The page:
Sometimes having a father agree to a termination of all rights to his child in exchange for waiving child support seems like a good idea to everyone. Mothers sometimes think that this is a way to avoid having to deal with shared parenting and timesharing requirements. Fathers may think that haggling time-sharing just is not worth the work. Somehow this urban myth has caught on, that Judges allow parents to “opt out” fathers from the rights and responsibilities of caring for their children in exchange for no child support.
Reality check. The law does not want children to become fatherless, because that is one less person on the planet who has a legal duty to care for that child, especially if anything should happen to the mother. Judges fear that the mother and child could end up on welfare and if that were to happen, the taxpayers of Florida would have to pay to support the child. The taxpayers should not have to support a child when there is a biological Father who is able to contribute.
Usually the only way for a father to actually agree and have his rights terminated is if there is a new stepfather who is legitimately willing to step in and adopt the child. Judges will not just cut one parent loose, unless there is a legal reason to terminate their rights.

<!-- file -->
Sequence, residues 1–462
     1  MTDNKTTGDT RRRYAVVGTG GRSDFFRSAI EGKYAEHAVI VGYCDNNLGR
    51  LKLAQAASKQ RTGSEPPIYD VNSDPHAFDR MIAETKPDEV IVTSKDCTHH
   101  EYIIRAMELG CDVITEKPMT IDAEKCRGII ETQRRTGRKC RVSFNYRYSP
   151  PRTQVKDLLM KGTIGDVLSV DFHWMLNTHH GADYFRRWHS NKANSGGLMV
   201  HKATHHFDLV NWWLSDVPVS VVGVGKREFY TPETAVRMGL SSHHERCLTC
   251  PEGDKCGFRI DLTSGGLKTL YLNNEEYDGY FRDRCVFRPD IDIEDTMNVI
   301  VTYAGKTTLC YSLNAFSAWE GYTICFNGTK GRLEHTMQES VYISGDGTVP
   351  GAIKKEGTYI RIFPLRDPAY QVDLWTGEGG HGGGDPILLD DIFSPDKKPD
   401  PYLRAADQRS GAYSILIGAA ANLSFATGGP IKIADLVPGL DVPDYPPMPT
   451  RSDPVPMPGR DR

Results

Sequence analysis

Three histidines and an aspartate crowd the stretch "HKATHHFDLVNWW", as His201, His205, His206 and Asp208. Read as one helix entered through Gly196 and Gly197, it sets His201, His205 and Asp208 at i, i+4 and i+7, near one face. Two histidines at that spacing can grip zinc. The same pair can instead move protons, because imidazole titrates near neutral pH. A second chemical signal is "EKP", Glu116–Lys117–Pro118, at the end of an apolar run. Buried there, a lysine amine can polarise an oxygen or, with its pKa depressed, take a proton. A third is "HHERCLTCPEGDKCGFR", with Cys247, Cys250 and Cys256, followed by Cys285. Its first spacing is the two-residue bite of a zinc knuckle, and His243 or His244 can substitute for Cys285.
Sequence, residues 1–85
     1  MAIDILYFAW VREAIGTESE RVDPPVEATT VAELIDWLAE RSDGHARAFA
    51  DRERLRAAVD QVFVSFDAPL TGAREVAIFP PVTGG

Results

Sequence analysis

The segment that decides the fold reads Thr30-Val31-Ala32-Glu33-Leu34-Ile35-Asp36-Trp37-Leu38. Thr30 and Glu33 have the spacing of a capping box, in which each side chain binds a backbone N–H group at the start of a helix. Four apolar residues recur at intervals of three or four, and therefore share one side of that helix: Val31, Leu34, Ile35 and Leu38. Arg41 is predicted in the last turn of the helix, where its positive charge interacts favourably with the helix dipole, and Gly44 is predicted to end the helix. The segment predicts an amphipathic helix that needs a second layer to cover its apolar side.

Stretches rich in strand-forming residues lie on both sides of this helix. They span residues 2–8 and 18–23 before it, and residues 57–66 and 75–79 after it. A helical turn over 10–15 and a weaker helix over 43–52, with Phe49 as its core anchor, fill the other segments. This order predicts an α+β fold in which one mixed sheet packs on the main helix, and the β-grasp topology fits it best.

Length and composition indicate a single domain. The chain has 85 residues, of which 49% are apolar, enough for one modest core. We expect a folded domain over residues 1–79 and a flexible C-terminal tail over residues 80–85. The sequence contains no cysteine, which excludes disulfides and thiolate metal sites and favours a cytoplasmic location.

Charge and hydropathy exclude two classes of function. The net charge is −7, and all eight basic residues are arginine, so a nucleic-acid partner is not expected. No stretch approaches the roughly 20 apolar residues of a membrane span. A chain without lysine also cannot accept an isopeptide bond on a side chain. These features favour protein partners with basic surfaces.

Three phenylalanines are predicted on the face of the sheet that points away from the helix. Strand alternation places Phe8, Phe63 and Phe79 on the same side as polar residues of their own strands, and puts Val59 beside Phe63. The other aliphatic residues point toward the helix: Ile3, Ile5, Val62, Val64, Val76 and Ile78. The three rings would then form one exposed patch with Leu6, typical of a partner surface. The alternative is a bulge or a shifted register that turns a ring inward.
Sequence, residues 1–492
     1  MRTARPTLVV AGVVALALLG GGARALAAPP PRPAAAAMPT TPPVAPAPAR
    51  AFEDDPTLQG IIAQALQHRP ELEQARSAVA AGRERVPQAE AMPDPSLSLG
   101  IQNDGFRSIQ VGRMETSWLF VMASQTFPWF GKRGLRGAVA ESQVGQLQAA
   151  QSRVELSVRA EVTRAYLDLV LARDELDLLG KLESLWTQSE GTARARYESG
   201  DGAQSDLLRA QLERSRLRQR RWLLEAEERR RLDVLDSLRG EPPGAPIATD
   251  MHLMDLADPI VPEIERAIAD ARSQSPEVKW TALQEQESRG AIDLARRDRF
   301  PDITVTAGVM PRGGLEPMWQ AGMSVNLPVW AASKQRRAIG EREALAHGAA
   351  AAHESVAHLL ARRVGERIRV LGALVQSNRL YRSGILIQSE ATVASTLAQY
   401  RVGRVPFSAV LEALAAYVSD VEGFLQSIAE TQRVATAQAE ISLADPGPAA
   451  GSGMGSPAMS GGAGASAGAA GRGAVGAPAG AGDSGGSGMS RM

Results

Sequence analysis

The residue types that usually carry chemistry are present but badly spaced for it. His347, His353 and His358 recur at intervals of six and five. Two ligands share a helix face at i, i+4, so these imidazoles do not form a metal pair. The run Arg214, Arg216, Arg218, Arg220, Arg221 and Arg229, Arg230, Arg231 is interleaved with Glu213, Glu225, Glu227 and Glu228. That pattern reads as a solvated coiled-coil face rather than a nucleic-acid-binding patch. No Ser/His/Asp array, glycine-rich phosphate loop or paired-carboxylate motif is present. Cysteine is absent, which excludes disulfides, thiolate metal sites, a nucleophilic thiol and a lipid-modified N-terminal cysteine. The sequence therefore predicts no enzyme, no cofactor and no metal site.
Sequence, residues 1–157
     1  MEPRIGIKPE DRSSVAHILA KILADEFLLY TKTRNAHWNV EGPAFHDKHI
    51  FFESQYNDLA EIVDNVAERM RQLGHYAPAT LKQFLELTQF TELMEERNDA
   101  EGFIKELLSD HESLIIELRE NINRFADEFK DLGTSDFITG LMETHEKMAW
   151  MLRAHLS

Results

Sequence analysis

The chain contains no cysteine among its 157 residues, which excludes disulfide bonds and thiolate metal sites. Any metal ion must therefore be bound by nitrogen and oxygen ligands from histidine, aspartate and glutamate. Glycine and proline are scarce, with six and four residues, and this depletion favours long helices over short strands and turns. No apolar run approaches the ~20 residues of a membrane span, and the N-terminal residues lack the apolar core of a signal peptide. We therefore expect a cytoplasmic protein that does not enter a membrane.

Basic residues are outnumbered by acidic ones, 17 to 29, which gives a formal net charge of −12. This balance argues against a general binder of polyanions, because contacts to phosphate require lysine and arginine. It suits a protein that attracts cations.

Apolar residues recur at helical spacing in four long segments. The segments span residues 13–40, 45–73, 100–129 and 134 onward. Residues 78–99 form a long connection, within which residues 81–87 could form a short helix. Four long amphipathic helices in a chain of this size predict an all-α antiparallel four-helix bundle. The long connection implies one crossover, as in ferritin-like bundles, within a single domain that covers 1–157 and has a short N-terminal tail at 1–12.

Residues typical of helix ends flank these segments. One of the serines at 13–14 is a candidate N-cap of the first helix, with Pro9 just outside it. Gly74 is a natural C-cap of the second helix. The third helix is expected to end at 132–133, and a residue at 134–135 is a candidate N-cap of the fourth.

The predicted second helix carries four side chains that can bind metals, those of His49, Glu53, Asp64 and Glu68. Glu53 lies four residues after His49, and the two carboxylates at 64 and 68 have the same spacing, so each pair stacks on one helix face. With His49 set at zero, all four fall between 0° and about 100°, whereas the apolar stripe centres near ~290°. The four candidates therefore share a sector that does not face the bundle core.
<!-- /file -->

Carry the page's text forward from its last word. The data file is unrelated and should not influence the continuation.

Those legal reasons would usually mean proof that any possible contact with that parent in the future would be so clearly harmful to the child that having that parent on the hook legally and financially is not worth the risk. This would usually be an action brought by the Department of Children’s and Families (DCF) or state and based on allegations of child abuse.
The law is so interested in not “bastardizing” children that if parents of a child get married AFTER the child is born, the child is legally considered “legitimate” as if the parents were married when they were born.
Andrew G. Storie is a family law and divorce attorney who serves Orlando and all of Central Florida. For more information, or if you are contemplating a divorce or modification of your parenting plan please visit http://www.storielaw.com/ or call us at (407) 838-0887